Whether by accident or with malicious intent, every cat has undoubtedly experienced a pull of the tail. Think about it…cat tails seem to have a mind of their own, moving like whips or snakes depending on the cat’s mood. They play chicken with doors, rocking chairs, and small children; and then it happens…the tail gets caught or pulled and a cat will react.
Does the cat purely react physically, or is he harboring ill will toward the person who crossed him, planning revenge when it is least expected?
“Our animal friends non-reactive and forgiving natures can teach us positive lessons on a daily basis.” Eckhart Tolle (1)
While a cat reacts physically to the pull of the tail, contemporary spiritual teacher Eckhart Tolle speaks to a more cerebral reaction of an animal faced with a distressing situation. Within the realm of memory, an animal is non-reactive and forgiving.
Whether an animal’s brain is unable to process resentment is a moot point; the reality is they recover quickly from adverse situations. They move on cleanly, hold no grudges, and are not held prisoner by their own minds to relive the past when it suits them.
Unlike humans, animals do not bask in the bad moments of their lives over and over, begrudging that person or thing that hurt them. They love unconditionally and without memory of wrongs. Animals, like cats and dogs, exemplify exactly the way humans should live.
“Holding onto anger is like drinking poison and expecting the other person to die.” Buddha (2)
Have you ever held on to resentment…I have, and it’s not pretty. Not only does holding on to a bad experience effect you physically, i.e. stress, in one fell swoop it hits the trifecta; mentally, emotionally, and spiritually challenging your very being, placing your character at risk of being altered.
Based on the spiritual teachings of Eckhart Tolle, Buddha, and Jesus, and keeping Karmic Laws in mind, we find that forgiveness seems to be the universal answer to solving the problem of resentment.
“Guilt, regret, resentment, grievances, sadness, bitterness, and all forms of non-forgiveness are caused by too much past, and not enough presence.” Eckhart Tolle (3)
I had one point in my life where I obsessed about two people in particular, holding disdain for them every time I thought of them or saw them. I relived the past moments that upset me over and over, retelling myself how awful they were, and therefore how good I was. I became obsessed, until I noticed the change in me.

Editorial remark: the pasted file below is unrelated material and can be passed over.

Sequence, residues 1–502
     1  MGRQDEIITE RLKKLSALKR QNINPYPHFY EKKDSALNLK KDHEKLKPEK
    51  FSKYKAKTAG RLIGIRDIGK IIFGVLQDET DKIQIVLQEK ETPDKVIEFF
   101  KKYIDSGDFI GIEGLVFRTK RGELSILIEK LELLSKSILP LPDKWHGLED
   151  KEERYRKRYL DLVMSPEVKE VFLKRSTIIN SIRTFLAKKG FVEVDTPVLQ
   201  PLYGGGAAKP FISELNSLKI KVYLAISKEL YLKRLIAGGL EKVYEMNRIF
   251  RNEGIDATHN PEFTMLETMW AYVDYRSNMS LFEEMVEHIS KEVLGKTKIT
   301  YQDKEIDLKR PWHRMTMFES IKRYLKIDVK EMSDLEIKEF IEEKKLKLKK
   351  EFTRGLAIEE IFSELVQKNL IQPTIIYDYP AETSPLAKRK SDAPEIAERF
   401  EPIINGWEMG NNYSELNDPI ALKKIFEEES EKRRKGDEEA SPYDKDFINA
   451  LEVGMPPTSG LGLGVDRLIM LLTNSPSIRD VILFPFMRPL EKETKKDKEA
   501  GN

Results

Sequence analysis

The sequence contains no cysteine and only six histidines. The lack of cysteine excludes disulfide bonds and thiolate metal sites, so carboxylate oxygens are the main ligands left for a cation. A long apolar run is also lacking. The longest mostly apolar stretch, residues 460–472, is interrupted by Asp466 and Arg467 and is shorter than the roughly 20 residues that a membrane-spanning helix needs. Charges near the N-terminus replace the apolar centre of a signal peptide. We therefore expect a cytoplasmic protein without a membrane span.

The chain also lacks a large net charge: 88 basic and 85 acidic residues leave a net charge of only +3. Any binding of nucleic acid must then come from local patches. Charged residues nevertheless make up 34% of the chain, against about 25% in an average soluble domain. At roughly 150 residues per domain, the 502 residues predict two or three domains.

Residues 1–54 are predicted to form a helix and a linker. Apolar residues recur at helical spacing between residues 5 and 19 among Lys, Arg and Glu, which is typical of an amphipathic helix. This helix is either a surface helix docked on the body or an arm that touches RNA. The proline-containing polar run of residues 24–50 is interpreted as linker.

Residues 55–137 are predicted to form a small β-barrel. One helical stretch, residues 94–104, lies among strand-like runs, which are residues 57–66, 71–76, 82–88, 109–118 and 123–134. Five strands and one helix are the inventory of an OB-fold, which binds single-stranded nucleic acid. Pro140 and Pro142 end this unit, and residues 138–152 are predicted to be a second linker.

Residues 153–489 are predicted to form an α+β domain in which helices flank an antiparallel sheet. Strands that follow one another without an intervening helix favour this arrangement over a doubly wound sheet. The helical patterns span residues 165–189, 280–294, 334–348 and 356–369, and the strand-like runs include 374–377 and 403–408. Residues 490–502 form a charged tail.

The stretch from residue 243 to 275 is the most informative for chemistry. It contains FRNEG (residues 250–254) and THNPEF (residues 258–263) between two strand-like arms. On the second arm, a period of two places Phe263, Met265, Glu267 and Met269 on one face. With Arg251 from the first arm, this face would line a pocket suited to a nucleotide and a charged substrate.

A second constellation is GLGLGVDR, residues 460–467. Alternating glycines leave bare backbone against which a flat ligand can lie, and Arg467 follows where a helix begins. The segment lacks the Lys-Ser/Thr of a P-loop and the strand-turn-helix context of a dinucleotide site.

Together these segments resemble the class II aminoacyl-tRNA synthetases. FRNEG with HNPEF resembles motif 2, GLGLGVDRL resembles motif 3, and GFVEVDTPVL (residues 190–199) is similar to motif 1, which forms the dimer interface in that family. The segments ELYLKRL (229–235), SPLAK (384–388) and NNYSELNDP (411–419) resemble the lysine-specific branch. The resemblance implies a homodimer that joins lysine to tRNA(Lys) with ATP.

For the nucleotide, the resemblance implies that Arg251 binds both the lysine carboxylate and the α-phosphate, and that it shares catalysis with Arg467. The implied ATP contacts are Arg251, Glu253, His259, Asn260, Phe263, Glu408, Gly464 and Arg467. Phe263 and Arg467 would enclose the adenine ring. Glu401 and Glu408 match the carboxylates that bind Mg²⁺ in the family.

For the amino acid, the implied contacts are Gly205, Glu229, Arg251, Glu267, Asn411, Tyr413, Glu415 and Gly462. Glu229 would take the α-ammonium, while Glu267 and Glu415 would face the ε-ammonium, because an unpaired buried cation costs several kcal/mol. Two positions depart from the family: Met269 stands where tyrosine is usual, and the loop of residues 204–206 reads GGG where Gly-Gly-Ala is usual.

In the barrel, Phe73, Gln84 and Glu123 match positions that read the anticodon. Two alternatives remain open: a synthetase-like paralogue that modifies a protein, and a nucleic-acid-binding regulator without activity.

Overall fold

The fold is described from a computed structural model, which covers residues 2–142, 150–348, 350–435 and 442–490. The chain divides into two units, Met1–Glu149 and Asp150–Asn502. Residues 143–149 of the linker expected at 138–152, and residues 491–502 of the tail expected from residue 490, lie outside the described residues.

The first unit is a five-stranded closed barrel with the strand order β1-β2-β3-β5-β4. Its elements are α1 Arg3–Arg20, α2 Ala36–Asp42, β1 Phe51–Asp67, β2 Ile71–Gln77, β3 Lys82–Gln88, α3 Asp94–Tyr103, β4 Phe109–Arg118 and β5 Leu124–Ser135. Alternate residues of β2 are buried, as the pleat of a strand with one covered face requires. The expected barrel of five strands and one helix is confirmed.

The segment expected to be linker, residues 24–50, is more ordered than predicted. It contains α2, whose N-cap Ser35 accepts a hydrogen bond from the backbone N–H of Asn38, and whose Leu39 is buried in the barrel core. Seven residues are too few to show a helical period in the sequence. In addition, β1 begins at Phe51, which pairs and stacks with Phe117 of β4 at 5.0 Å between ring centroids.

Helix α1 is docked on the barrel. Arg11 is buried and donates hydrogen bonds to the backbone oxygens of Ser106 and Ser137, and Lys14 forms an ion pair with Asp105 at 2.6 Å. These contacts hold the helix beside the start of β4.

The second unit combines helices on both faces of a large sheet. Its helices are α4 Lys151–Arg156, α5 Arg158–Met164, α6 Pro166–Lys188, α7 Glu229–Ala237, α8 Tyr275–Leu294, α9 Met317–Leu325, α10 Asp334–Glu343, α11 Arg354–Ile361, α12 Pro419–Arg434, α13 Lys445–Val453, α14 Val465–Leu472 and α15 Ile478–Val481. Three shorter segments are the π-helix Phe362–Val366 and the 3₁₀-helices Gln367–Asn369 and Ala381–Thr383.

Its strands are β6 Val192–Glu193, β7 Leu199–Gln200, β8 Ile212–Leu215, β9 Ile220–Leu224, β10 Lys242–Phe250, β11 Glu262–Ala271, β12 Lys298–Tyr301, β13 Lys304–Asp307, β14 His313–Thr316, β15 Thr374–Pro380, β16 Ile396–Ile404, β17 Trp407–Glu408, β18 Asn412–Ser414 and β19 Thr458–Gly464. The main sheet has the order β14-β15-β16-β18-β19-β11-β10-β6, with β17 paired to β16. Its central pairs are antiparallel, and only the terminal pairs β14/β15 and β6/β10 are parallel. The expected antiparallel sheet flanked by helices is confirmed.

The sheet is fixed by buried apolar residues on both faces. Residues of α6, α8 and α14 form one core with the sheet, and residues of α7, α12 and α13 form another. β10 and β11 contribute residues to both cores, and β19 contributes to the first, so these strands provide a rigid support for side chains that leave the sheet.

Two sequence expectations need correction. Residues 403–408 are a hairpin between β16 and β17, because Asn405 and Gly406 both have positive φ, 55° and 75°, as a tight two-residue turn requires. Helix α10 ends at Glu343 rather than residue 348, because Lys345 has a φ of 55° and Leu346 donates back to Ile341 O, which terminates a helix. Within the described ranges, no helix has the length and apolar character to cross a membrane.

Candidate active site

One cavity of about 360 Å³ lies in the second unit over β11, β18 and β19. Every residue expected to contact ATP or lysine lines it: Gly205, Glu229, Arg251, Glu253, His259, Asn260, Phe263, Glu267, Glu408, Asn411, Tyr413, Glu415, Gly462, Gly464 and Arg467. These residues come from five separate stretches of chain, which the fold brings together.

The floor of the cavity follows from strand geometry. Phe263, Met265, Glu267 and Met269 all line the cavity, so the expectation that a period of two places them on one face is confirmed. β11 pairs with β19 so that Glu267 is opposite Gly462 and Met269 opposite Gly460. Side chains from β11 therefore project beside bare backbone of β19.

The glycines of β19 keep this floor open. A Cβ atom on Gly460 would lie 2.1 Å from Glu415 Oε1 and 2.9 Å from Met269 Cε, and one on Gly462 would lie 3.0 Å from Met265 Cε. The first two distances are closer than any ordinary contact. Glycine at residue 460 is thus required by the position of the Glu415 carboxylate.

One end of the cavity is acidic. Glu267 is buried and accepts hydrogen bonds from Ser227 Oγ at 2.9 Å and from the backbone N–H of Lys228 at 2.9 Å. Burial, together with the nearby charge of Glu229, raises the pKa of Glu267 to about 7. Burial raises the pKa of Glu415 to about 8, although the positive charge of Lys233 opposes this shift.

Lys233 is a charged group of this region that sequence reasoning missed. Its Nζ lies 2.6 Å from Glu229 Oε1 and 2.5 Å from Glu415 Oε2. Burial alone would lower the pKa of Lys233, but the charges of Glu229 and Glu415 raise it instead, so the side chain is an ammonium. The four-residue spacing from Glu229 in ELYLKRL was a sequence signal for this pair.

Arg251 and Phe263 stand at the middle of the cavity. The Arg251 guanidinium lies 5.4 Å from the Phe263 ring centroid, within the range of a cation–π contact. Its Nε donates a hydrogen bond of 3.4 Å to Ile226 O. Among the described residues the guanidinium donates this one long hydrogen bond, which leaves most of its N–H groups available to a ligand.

The person I allowed myself to become was a stranger and I knew the only way to regain myself was to forgive, so I did… just like that. Hard to believe but it’s exactly what happened. Instantaneously I found peace and freedom from my obsessive thoughts. Who knew the key to unlocking forgiveness was so accessible!
“Forgive others not because they deserve forgiveness, but because you deserve peace.” Buddha (4)
Carrying the past around is like dragging an anchor behind you; it’s cumbersome and painful, it leaves you weak not strong, it makes you incapable of truly experiencing the present.
“Forgiveness doesn’t mean that you deny the other person’s responsibility for hurting you, and it doesn’t minimize or justify the wrong. You can forgive the person without excusing the act. Forgiveness brings a kind of peace that helps you go on with life.” (5)
I have reached a point in my life now where I try to look more at my present day and less at past events that enraged me at one time. I grant pardon, excuse, absolve, and acquit those who may have done me wrong. I acknowledge the wrongdoing, but I don’t obsess; I try my best to let it go.
Unless someone directly asks for forgiveness, those doing the forgiving usually do it quietly. In my case, those who upset me are totally unaware of my feelings and therefore unaware of my forgiveness. I forgive because it’s right spiritually for me, but I also I do it so I can experience peace.
“Then said Jesus, Father, forgive them; for they know not what they do.” (6)
So, what is the key to forgiveness…remembering we are all human. We all say and do hurtful things; no one is without sin, no one is “perfectly” good, and we all have different personalities and character traits. As soon as you accept those truths, you may still feel hurt or frustrated by others, but you will also be granted the key to forgiveness. With knowledge comes choice!
Laws of Karma
“The law simply states, what you put out in the world by words, thoughts, beliefs and/or actions, will return to you in the same manner it was given.” This is Newton’s Third Law of Motion: “For every action there is an equal and opposite reaction.”(7)
In some ways, it seems a bit selfish to forgive, but if you believe in Karma, you may want to entertain the idea that throwing a bit of forgiveness around can only be a good thing. If you question the logic, just take a look at our domesticated friends and open your heart to the possibility of living a happier life. And while you’re at it, remember that forgiveness of self is a non-negotiable requirement for living fully in the present moment as well.
“Forgiveness of the present is even more important that forgiveness of the past. If you forgive every moment – allow it to be as it is – then there will be no accumulation of resentment that needs to be forgiven at some later time.” Eckhart Tolle (8)
*Biography of Buddha
*A New Earth – Awakening to Your Life’s Purpose
This post is not meant to be a cure all for people who have experienced extreme cases of abuse. Seeking professional counsel is highly recommended!